There were many times
When I came close to leaving my wife.
I would take some clothes
and my favorite movies with me
to my parent’s house,
dead set on not going back.
But then she would come over
And talk me out of it.
When it finally happened though
this is how it went down:
It was the Fourth of July
and I was driving home
from my job at a group home for the developmentally disabled,
Fireworks bursting all around me
up in the Arizona sky.
I was caught up in a full-blown panic attack
from the thought of my twelve-hour shift
the next day with no pain pills or any relief
I have a severe back injury from a car wreck
and that day I had hurt it worse
moving someone from their wheelchair into the shower.
It felt like a railroad spike
had been rammed into the center of my spine.
then walking up the stairs to our apartment
I couldn’t stop crying.
I had lost all control.
Walking in the front door,
my wife was cooking and my son crawled on the floor.
I went straight to the bathroom,
Needed to calm down and compose myself,
but I just couldn’t stop crying.
Hell I couldn’t even catch my breath.
My wife walked in.
“What’s wrong? Why are you crying?”
“I hurt my back really bad today at work … and I have a twelve-hour shift tomorrow
and no pain pills, no nothing. It just hurts so bad …”
She rolled her big blue eyes and scoffed at me.
“Ugh. That’s no reason to be ******* crying. Quit being a baby.”
Out the door she went with a slam.
THAT was my wife? My true love?
The thought drove me insane.
Growing old with her hateful eyes
always glaring at me.
I ate dinner in silence,
put the baby to bed
and smoked so much ****
I felt nothing
neither physical nor mental.
I couldn’t smoke **** before or at work, however,
I did have morals.
Those people in the group home were my responsibility.
The baby woke up crying around five a.m.
I had to start my shift at eight a.m.
It was the wife’s day off.
“Hey … hey … wake up. Can you get him? Please?”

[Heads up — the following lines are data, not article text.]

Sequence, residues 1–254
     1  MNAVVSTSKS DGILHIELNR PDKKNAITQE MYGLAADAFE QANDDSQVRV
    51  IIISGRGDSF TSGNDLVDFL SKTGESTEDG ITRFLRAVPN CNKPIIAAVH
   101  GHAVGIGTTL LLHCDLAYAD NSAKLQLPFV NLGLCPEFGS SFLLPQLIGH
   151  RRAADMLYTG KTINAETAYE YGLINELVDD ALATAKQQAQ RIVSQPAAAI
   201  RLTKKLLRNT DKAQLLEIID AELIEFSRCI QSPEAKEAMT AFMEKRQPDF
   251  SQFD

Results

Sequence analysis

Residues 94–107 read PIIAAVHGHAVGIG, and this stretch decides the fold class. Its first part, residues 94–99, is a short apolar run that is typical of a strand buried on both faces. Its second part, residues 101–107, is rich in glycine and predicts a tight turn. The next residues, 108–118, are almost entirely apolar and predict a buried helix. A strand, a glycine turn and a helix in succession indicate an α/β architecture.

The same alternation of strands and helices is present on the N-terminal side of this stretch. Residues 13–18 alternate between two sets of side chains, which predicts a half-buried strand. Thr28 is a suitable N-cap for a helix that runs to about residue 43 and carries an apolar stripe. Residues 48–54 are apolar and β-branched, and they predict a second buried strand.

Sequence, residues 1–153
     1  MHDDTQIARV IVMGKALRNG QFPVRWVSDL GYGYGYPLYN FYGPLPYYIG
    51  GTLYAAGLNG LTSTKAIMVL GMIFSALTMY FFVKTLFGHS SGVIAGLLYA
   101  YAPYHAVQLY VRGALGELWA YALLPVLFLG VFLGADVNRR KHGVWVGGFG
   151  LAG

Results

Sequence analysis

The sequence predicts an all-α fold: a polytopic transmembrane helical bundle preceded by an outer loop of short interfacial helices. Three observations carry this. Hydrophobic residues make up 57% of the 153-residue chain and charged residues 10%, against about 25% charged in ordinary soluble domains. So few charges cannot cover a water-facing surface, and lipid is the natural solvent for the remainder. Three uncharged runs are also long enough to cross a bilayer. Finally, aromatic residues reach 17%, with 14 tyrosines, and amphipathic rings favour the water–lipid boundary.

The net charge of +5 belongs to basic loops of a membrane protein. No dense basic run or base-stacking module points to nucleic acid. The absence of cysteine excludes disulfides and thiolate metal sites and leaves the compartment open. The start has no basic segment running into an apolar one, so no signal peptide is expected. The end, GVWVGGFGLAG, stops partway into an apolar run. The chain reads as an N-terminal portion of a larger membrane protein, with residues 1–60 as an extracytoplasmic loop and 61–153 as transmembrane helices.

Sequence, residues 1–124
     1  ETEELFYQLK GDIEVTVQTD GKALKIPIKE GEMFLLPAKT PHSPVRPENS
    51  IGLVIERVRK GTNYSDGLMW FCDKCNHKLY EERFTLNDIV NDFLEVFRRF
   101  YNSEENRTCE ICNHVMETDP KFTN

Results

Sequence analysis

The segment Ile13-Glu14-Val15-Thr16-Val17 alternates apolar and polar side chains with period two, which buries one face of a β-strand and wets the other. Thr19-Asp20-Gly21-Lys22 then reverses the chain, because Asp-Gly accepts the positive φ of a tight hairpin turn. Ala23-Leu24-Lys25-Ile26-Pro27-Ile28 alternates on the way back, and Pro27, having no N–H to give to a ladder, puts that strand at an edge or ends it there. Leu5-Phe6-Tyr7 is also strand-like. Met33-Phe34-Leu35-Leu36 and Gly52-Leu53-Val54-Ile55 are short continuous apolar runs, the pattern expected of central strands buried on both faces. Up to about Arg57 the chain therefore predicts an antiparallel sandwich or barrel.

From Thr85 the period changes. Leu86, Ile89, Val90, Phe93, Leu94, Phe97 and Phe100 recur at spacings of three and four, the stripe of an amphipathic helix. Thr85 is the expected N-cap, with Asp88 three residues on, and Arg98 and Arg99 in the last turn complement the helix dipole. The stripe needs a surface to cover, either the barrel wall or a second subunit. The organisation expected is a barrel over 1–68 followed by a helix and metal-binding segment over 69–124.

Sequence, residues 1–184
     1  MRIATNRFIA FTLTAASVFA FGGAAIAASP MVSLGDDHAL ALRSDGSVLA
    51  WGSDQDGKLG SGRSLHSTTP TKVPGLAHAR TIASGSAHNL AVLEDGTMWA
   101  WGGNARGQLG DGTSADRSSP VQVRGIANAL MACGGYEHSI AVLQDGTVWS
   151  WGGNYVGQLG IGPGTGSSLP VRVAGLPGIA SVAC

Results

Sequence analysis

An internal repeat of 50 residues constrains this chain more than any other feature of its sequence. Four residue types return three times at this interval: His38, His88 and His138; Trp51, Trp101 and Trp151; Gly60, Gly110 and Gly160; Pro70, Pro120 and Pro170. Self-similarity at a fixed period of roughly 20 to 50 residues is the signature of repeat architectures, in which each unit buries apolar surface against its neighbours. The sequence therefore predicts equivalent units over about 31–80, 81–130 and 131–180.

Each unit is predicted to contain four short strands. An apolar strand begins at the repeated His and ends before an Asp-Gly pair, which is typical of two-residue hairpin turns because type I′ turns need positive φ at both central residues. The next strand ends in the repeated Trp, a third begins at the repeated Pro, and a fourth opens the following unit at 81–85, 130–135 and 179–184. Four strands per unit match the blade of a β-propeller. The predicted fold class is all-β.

“Arrgg. No. Just get up with him.” She groaned and rolled back over.
“Please? I gotta be up in two hours.”
“Ugh. NO. It’s my day off.”
“Exactly. You can take a nap with him later. I gotta work twelve hours today.”
“I said NO. I didn’t want a baby in the first place. Remember?”
She said that all the time. It made my blood ******’ boil.
“Then maybe you should’ve kept your ******* legs closed.”
turning away from her, on my side
The baby kept crying,
screaming, now a blood-curdling sound.
The next thing I saw were
of red, black, and white
as her small, but bony,
rock hard fist
hit the side of my temple.
“YOU ******’ ****,” I screamed
jumping up and out of bed.
Picking the baby up,
he rested his little head on my shoulder,
and finally stopped crying.
I walked the floor,
pacing back and forth,
my back aching,
my head throbbing & pulsating
as the goose-egg lump
She sat upright in bed.
Her arms crossed, her icy glare
burning a hole through my head.
She didn’t look the same anymore.
When we met
her eyes were full of good
Replaced now with
little saggy *******,
wiry, stringy, mess of hair—
like a Barbie doll left outside too long.
And that face
held so much hate.
My God, that face of hers.
She despised me.
Everything I did and said
just ****** her off.
From the bedroom window
I stood watching the cars
move along down the street,
thinking of it all.
all the shiners, lumps, goose-eggs, cuts, and bruises
she had left on me over the past nine months.
When she used to look at me with those
big blue eyes,
there was love, lust, and a future.
Now it was hate, hate, hate
I thought of all this
watching those cars drive down the street
when it suddenly became clear to me,
I could be in one of those cars too.
Driving somewhere, anywhere, far from her.
My son, was my son
I'd always be there for him
and have my time with him.
But her time?
It was up.
The switch in my mind was flipped. And broken off.
I kissed my son, put him on the bed and
went into the closet.
Getting my ****.
“No, no, no, no. You can’t leave. You CAN’T.”
She started to panic.
“Watch me. This is it, you hateful *****. Get out of my way.”
She ran behind me,
followed me down the stairs, all the way to the car,
shrieking, screaming continuously,
and slobbering and gasping for air,
throwing herself in my path.
From her over sized eyes,
now filled with tiny red veins.
“We can go to counseling, we can work it out.”
“I don’t WANT to work it out. I don’t love you anymore.
Now would you get back upstairs? You left the baby all by himself up there.”
She didn’t hear me.
Just kept on trying to convince me.
I managed to get my clothes in the car,
but then she wouldn’t let me
close my door.
“I can’t believe this. I can’t believe you. You’re just leaving your child?”
“No. I’m leaving YOU. Now get back upstairs and be a mother.
You’re done being a wife.”
I had to pry her claws off the driver’s side door to leave.
Looking in the rear view
I saw her skinny body running up the stairs
back to our apartment
and the baby.
My first meal as a free man
was an egg & cheese biscuit.
I sat in my parked car
in the parking lot of a park
listening to my iPod
“Don’t Think Twice, It’s All Right” by Bob Dylan
suddenly came on.
I took it as a sign